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Garaeus Moore

Type species: specularis Moore (India to Japan).

Synonyms: Drepanopsis Warren (type species ferrugata Warren, N. India); Epifidonia Butler (type species signata Butler, N. India).

This genus consists of slender to robust, usually reddish species with somewhat falcate forewings that have a gently sinuous costa, concave distally. The forewing postmedial is oblique, usually associated with a paler patch at the costa, and is reflected on the hindwing by a medial fascia that may have similar pale patches centrally and towards the dorsum. The male antennae are strongly bipectinate, those of the female slightly serrate to shortly bipectinate (Bornean species).

The most reliable definitive feature is in the male genitalia where the furca is strongly developed on the right side only, a long, curved spine, arising subapically from an ovate basal part that is distally setose. The coremata are usually only weakly developed; the uncus tends to be short, tapering. The aedeagus apex is acute.

The female genitalia (altapicata Holloway) have slight pouches lateral to the ostium. The ductus and bursa are elongate, not clearly defined from each other. The former with a zone of scrolled sclerotisation basally and a separate, fluted, scobinate zone distal to it. The signum is distal, asymmetrically rugose, unstalked.

The resting posture of the adult, illustrated by Sugi (1987), may be characteristic. The forewings are flexed upwards from a central longitudinal fold.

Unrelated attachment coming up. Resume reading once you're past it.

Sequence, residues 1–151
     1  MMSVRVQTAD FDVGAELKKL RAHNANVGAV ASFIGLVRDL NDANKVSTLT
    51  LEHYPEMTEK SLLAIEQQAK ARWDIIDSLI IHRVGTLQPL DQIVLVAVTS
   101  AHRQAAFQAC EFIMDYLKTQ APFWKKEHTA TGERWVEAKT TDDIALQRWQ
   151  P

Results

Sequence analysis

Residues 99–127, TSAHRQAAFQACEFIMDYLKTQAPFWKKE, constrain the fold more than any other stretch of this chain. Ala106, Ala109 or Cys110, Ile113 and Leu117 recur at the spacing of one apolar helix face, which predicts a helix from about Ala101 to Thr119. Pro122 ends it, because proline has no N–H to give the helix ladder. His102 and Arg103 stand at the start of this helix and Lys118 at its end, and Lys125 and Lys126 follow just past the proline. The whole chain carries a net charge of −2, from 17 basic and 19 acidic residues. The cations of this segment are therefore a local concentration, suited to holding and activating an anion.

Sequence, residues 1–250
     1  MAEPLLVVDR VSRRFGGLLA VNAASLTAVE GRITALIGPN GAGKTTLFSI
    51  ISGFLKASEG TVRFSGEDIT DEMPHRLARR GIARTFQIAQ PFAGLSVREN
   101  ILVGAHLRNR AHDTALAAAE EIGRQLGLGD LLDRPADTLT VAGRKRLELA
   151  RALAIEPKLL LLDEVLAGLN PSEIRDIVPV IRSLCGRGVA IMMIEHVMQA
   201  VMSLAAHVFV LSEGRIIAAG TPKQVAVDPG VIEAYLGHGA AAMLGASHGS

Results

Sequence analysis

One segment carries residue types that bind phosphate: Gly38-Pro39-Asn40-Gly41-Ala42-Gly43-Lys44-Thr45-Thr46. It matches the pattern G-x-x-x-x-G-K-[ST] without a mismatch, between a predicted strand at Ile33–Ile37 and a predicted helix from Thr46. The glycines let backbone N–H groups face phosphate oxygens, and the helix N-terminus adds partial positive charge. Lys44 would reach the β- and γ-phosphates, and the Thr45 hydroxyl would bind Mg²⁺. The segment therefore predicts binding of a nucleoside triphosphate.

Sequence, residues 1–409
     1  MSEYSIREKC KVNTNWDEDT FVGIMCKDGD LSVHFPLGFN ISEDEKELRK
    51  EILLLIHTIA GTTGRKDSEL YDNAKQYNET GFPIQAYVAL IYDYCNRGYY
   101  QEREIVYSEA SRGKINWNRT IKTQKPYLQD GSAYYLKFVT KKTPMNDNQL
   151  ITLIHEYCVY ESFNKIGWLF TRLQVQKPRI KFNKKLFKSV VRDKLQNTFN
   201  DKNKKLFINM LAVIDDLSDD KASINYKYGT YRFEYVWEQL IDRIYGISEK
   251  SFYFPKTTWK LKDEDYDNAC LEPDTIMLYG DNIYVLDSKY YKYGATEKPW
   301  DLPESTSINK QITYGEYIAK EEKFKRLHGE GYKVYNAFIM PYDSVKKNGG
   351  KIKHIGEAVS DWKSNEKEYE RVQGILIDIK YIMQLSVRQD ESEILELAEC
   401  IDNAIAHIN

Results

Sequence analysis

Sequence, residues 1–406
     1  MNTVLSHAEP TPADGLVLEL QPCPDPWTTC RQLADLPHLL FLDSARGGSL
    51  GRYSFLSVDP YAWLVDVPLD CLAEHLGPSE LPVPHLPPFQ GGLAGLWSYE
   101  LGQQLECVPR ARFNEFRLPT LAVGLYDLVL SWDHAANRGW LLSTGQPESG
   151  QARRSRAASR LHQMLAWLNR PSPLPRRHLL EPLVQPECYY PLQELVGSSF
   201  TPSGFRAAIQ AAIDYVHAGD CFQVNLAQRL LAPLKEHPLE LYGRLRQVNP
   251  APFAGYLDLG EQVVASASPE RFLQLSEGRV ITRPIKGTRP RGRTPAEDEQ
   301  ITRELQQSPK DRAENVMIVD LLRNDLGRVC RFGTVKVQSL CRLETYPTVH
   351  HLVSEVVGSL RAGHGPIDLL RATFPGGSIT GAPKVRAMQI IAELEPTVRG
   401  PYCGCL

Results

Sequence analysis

The early stages of the type species have been described by Sevastopulo (1947) and illustrated by Sugi (1987). The larva in Japan is elongate, slender, grey, marked and irrorated with brown, these markings being reduced or absent on the head, anal area, and in two elliptical grey patches centrally, dorsally. Sevastopulo referred to the larva in India as mottled dark coffee-brown, with traces of a blackish dorsal line. A3 has a subdorsal white dot anteriorly, A2 a greyish dorsal streak. T1 has projecting subdorsal fleshy processes and A8 a double dorsal wart.

Host plants given (Sato & Nakajima, 1975; Miyata, 1983) are: Betula (Betulaceae); Viburnum, Weigela (Caprifoliaceae); Cornus (Cornaceae); Rhododendron (Ericaceae); Ligustrum (Oleaceae); Rubus (Rosaceae); Ulmus (Ulmaceae). Sugi (1987) referred to the species as a general tree feeder.

The genus is predominantly Oriental. Four species occur in Borneo.

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